PROBATE AVOIDANCE ON A BUDGET
Probate Avoidance on a Budget. December 2016.
[As published in Frederick’s Child]
We shook hands and sat down. “Now, if I understood you correctly when you called to set the appointment, you are here to talk about wills.”
“Well,” ventured the husband, “wills or trusts – I’m not sure what we need. We hear a lot about trusts.”
The wife nodded. “My brother has a trust and says everybody should have one.”
The lawyer pondered. “Trusts are a good tool, but not everyone needs one. Do you mind if I ask a few questions so I understand your situation?”
The clients indicated assent.
“Now I count two of you. Do you have children?”
“Yes,” answered the wife, “two daughters, both grown.”
“And have you been blessed with that singular benison of grandchildren?”
The husband nodded. “Our youngest daughter has two children.”
The lawyer smiled. “My father says that grandchildren almost make up for the grief of raising children.”
The wife enthusiastically agreed. “More than. It’s better than we could have expected. You can play with them, spoil them, and then give them back and watch your daughter figure out what you meant when she was little and you told her to behave.”
The lawyer quipped, “They say insanity is hereditary. You get it from your teenage children. It looks like you’ve recovered completely. Is everyone mentally and physically healthy?”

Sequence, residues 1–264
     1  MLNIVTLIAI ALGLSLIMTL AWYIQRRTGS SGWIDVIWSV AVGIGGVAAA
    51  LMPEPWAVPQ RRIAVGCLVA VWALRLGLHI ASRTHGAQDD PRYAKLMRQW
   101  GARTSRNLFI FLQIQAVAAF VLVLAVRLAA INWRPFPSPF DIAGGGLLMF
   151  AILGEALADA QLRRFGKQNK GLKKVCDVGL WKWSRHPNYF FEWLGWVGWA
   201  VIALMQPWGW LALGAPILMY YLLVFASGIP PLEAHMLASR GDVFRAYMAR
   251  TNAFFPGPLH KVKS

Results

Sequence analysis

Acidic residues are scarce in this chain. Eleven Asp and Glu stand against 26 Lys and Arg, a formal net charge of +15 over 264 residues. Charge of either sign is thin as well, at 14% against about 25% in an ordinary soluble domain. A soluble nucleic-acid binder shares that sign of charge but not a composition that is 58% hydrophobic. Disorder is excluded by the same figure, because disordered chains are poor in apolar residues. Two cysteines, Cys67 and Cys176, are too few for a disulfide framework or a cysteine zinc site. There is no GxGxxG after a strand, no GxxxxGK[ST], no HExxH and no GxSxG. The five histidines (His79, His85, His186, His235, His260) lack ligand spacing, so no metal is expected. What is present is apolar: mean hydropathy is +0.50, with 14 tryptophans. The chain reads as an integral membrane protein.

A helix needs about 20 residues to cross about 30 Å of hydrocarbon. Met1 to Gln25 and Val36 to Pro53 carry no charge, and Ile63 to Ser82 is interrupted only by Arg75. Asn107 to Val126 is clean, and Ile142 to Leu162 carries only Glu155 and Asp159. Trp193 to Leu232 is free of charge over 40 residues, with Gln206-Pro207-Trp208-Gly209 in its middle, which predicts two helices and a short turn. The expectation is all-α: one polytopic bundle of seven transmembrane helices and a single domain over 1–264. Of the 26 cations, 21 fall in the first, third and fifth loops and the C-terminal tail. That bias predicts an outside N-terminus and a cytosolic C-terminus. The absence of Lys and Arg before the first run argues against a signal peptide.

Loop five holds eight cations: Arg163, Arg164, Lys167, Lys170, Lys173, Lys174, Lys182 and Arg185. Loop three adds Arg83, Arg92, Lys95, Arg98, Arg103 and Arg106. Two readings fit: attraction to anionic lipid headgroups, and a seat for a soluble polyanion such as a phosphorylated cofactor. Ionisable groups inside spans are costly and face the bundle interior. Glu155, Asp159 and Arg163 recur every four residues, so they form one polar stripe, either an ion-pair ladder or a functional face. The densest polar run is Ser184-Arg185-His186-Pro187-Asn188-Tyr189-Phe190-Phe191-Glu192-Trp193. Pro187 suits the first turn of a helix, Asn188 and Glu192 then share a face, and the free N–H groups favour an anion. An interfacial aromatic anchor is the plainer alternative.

The husband grinned and nodded.
“If you sold everything, paid your debts, took all your money out of your IRAs and 401(k)s but DIDN’T pay the taxes, collected on your life insurance … would you have more than two million dollars?”
The clients ponder briefly. “Just over,” ventures the wife. The husband nods, “maybe two and a half million with life insurance.”
“Well, in 2017,” explains the lawyer, “the Maryland estate tax exemption – the amount of money you can pass without paying estate tax – is three million dollars. In 2018, the exemption rises to four million. In 2019, the Maryland exemption is scheduled to equal the federal exemption, which right now is $5.49 million. So, unless the exemptions go the wrong way – down! – or you win the lottery, you won’t have an estate tax problem.